Thursday, February 29, 2024

Swimmer Disqualified for Celebrating? Spirit of the Rule

NC State swimmer Kenneth "Owen" Lloyd finished first in his Men's 1650-yard freestyle Final in record time and climbed into teammate Ross Dant's lane to celebrate. After the race, however, referees announced Lloyd had been disqualified for switching lanes prior to the heat's end in violation of NCAA Swimming's interference rule. Let's talk spirit of the rule vs technical letter of the law.

NCAA Swimming & Diving Rule 2-5-1-b, a section called FOULS with the article titled INTERFERENCE, states, "A swimmer who changes lanes during a heat shall be disqualified."

There it is, black and white. A heat, event, or race effectively ends when the final competitor touches the wall to stop the clock. Replays indicate that Lloyd finished so quickly that other racers were still swimming—in the opposite direction—when Lloyd and opponent-but-also-teammate Dant touched up.

Lloyd then climbed atop the lane divider between himself and Dant's lane before dropping into his teammate's lane to celebrate a dominant victory.

Upon the race's conclusion, referees met (they are allowed to use video review) and determined that Lloyd was to be disqualified for changing lanes during the heat—e.g., while opponents were still swimming.

It didn't matter that Lloyd didn't appear to actually interfere with anyone (Dant had already finished when Lloyd breached the lane)—he was DQ'd based on the strict technicality of the interference rule.

This brings us to spirit vs letter of the rule—should this rulebook-supported decision been withheld due to Lloyd's obvious victory...or are the rules letter-tight for a reason in all situations?

Video as follows:

Monday, February 26, 2024

College Player Ejected for Bat Flip - Unraveling Nebraska vs Grand Canyon U

Grand Canyon University batter Tyler Wilson hit a grand slam to tie the Nebraska-GCU game, but was ejected by the HP Umpire during his home run trot for a bat flip near first base. What are college baseball's sportsmanship rules and was an ejection all over flipping a bat during a big moment in a game necessary?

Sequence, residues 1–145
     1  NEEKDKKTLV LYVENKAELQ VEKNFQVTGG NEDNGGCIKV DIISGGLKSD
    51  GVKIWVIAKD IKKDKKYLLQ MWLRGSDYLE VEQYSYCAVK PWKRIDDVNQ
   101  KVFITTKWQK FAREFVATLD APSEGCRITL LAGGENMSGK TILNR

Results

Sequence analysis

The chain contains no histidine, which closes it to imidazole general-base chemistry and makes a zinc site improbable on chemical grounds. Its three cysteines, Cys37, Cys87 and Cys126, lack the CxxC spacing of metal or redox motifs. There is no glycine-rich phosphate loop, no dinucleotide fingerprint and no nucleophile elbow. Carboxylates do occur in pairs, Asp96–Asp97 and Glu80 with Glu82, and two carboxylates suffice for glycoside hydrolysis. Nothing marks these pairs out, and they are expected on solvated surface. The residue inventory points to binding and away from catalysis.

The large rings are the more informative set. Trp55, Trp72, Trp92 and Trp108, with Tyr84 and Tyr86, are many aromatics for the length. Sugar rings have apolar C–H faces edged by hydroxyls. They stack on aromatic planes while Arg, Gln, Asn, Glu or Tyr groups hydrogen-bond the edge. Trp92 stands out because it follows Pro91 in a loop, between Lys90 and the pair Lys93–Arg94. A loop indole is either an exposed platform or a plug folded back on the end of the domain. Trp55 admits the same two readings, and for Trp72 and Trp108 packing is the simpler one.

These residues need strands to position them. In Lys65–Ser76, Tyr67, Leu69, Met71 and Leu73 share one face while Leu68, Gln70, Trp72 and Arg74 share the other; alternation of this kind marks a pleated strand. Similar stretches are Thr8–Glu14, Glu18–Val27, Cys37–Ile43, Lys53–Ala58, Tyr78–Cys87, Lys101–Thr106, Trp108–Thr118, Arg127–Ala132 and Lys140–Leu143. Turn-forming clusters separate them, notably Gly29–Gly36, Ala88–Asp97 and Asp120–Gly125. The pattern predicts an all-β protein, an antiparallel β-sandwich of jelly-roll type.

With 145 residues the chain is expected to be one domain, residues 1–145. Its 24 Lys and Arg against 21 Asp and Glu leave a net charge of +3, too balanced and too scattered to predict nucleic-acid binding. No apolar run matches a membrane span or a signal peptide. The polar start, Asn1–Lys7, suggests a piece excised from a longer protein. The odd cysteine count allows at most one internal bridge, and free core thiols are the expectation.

We begin the night before Sunday's game in question, with both Nebraska and GCU trading celebrations after executing plays that benefited their respective teams. On their own, these celebrations are, effectively, unremarkable—players are allowed to celebrate success on the field.

The issue came to a head, however, in the 7th inning, with GCU pitcher Nathan Ward's exuberant celebration after a check swing strikeout to end Nebraska's top half. That attracted the attention not just of Nebraska, but the plate umpire who ordered Ward back to the dugout. Nebraska's head coach was seen speaking with umpires during the inning break.

After the game, the two teams met in the outfield and exchange unsporting words, indicating held over resentment, all leading to Sunday's game when Wilson hit his game-tying grand slam and flipped his bat, having held onto it until passing the halfway point down the first baseline.

As for why umpires ejected Wilson for his bat flip, we refer to the NCAA Baseball rulebook.

In addition to the Coaching/Players' Code of Ethics prohibiting unsportmanlike behavior, NCAA 5-17, newly amended for 2023-24, prohibits actions that "reflect poor sportsmanship," specifically including, "Bat flips near or toward an opponent or umpire." The penalty in college is a warning after the first offense and an ejection for any further unsportsmanlike conduct after the warning.

NCAA 3-6-b obliges umpires to enforce these rules: "[Each umpire] is obliged to conduct the game under conditions conducive to the highest standards of good sportsmanship."

The Official Baseball Rule (professional/MLB/MiLB) version of the sportsmanship rule is OBR 6.04, with ejections mandated by umpires' rule OBR 8.01(d).

NFHS 3-3-1f prohibits "any unsportsmanlike act" including taunting (3-3-1c: "carelessly throw a bat") while high school rule 10-1-6 authorizes umpires to eject for these violations.

Video as follows: